There is no doubt that the coronavirus pandemic is scary. Schools have been closed, kids have not been able to play with their friends, and children are being encouraged to keep their distance from everyone they meet. Adults can only imagine the things that must be going through a child’s mind at this time.
Parents cannot shield their kids from the coronavirus, so they must instead teach their kids how to stay safe during the pandemic. But how do you tell a child about an invisible disease without giving the child nightmares? Here are ten tips on how to discuss the coronavirus pandemic with young children.
Talk to Children calmly
The first crucial thing to remember when talking about coronavirus with children is that kids judge a situation by the reaction of adults. In other words, if you look and sound like you are panicking about the virus outbreak, your children will be frightened as well.
So, stay calm when you talk to your kids about COVID-19. If you are anxious about the situation, try not to convey that anxiety to your children. Remember, too, that kids pick up on what you say when you do not think they are listening. So avoid expressing your concern for elderly or vulnerable members of the family when the kids are in earshot.
Do Not Dismiss Your Child’s Fears
When talking to your children about coronavirus, it is not a good idea to dismiss their fears and merely tell them “not to worry” or “it’ll be OK.” There are reports about the pandemic on TV and in every newspaper. And it is quite apparent that something is going on because people are behaving differently, and some people are wearing face masks.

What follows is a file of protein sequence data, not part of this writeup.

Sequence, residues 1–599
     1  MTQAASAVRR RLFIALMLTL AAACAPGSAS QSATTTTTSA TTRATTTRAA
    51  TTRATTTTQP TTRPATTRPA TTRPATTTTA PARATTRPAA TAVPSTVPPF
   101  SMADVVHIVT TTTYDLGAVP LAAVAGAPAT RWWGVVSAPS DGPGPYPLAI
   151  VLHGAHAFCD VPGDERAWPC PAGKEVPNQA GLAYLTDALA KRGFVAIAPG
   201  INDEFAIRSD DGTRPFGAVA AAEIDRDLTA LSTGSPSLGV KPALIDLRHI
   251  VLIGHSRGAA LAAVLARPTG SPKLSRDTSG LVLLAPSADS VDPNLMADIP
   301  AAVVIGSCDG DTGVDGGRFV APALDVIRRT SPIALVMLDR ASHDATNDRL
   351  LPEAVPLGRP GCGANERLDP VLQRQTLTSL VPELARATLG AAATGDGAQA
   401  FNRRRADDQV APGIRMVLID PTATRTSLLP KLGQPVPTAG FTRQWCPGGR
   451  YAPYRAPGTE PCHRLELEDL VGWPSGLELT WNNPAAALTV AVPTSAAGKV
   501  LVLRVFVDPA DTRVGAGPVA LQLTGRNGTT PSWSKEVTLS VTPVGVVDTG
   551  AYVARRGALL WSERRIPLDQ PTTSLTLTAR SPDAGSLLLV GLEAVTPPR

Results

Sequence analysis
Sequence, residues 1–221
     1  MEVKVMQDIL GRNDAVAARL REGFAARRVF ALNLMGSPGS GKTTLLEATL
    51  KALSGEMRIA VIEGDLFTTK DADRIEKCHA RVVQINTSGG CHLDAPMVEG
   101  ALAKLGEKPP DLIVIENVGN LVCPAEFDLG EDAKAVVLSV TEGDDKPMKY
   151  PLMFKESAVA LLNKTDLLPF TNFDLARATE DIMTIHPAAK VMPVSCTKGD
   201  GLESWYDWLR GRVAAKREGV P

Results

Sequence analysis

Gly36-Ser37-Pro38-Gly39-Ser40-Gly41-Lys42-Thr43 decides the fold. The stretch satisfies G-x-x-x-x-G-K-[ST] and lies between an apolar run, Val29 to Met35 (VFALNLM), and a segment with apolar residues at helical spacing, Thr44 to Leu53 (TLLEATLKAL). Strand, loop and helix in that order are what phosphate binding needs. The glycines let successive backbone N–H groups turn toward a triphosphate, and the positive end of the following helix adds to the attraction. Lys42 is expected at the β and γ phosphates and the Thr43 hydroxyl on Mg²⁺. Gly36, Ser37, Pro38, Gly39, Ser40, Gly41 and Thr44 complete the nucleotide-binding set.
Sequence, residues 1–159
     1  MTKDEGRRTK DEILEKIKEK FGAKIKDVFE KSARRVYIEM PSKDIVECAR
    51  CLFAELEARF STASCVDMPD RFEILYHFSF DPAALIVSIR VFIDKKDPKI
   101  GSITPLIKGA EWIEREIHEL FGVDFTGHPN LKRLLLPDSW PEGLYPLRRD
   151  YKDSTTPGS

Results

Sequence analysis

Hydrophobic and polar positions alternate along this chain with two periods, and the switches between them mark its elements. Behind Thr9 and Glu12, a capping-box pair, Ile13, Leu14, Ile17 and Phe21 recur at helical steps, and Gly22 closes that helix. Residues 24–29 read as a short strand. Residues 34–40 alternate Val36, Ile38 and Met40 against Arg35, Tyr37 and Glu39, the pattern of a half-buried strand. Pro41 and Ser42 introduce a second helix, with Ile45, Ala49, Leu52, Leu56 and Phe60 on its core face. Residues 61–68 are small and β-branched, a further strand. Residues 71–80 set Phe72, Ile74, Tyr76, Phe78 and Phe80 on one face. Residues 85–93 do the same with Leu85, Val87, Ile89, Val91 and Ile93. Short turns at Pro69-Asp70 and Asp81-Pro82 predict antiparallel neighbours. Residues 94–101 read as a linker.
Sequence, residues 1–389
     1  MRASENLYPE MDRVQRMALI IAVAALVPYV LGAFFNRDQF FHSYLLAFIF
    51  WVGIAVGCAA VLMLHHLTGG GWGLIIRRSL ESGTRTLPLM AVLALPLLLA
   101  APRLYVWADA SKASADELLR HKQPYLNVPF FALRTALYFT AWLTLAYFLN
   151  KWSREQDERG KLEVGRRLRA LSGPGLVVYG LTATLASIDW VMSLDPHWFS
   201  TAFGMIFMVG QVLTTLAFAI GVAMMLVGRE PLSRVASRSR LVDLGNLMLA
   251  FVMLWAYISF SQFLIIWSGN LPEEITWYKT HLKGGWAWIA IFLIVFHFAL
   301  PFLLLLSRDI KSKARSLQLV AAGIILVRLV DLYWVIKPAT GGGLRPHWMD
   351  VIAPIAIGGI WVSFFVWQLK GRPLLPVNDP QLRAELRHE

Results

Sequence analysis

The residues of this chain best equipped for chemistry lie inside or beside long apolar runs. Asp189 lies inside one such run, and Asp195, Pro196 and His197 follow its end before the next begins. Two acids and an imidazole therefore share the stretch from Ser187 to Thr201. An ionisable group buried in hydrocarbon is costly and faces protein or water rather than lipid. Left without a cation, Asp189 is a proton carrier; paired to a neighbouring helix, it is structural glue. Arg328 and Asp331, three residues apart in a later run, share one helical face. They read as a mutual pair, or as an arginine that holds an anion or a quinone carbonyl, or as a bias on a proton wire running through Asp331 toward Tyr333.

If you try to dismiss the pandemic as being nothing to worry about, your child may think that you are hiding the truth from them. It will cause your child to panic less if you ask them what they know, and then put what they do know into perspective for them.
Putting Things into Perspective
Children must be taught about the need to wash their hands and observe social distancing during the pandemic. Even so, you do not want your kids to think that every person they see in the street is infected and could be a danger.
It would be best to explain to children that there is a virus circulating that can make people sick, but steps are being taken to control the disease. It would also be helpful to explain that coronavirus does not make most people very ill and that children usually only experience mild symptoms.
One of the scariest things for anyone of any age is the thought of something dangerous over which they have no control. So, it will help a child to deal with the situation if they know that there are steps that they take to prevent the spread of the virus.
Tell children that they can play their part in fighting COVID-19 by washing their hands, social distancing, and wearing a face mask if appropriate. If kids know that they can do something to fight the virus, the invisible enemy that they keep hearing about will not be so scary.
Set an Example
It is difficult to get some kids to follow the rules at the best of times. Still, washing hands and social distancing during the COVID-19 pandemic will help to keep kids and their friends and families safe. It will be easier to get your children to follow the coronavirus safety rules if they see you doing the same.